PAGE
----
The next day, we’re meeting again, this time in a larger group. At the end of the meeting, she pulls out an envelope, thanks me for all of my hard work and hands me the envelope. It’s a ticket to see this show. The one I’ve been wanting to see since before some current infants had been conceived.
It’s the kind of moment when a mere “thank you” cannot even come close to expressing how awesome you feel. This week has wrapped up so many loose ends in your GLT-listening life that you’re like Leo DiCaprio in that scene on the front of the boat. You feel like everything is right with the world, like your client really understands the pains you’ve gone through to get the job done, like the radio station you were almost on the verge of feeling disconnected from, even though you still listened every single day, really didn’t mind your voice, like they weren’t taunting you with an awesome show you wish you could go to but you really couldn’t afford it.Â This envelope, it turns out, was a significant turning-point for me.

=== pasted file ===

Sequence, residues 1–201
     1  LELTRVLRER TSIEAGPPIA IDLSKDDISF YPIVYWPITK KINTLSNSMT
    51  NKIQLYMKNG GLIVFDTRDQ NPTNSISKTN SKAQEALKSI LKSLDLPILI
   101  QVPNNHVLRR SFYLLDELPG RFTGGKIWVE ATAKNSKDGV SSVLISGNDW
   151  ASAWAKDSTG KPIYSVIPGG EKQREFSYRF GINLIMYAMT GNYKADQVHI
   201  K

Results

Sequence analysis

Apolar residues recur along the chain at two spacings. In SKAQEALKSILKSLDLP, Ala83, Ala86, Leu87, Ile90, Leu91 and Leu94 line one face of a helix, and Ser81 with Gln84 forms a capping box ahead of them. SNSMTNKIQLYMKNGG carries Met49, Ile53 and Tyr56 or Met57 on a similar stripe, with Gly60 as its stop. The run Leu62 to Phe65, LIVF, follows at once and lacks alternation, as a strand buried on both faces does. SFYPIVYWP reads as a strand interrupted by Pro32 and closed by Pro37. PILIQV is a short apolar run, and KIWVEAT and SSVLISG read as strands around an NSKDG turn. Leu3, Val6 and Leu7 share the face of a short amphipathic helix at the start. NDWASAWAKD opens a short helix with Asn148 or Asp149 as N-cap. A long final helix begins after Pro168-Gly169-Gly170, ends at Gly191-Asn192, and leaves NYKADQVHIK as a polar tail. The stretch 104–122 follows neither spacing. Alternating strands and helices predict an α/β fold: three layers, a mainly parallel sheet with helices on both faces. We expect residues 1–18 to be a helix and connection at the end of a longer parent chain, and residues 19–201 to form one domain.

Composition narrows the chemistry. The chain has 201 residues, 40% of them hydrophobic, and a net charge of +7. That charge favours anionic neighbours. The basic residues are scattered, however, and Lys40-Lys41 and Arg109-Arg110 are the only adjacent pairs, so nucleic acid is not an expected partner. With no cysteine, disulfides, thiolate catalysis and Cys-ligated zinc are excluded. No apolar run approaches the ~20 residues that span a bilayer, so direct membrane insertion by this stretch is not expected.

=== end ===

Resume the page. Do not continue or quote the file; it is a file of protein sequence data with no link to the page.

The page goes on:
We’ve all had that moment, when, suddenly, everything, finally, just feels good. Most of us have probably had that moment a few times. We all love that moment, we dream of that moment, we see it happening in so many different ways that never really happen. And, chances are, they never really could happen, ’cause we see them all wrong.
The way I see it, at least, these moments can only come up and surprise us. We can’t expect these moments, ’cause if we could, we could plan for them. If we could plan for them, they’d become less meaningful, less real. We need to cherish these moments as they come along, in whatever final form they may take.
I never would have dreamt that I’d get this envelope and it would make me appreciate the whole world anew. But I did. And I’ll take that.
The show, as expected, was incredible.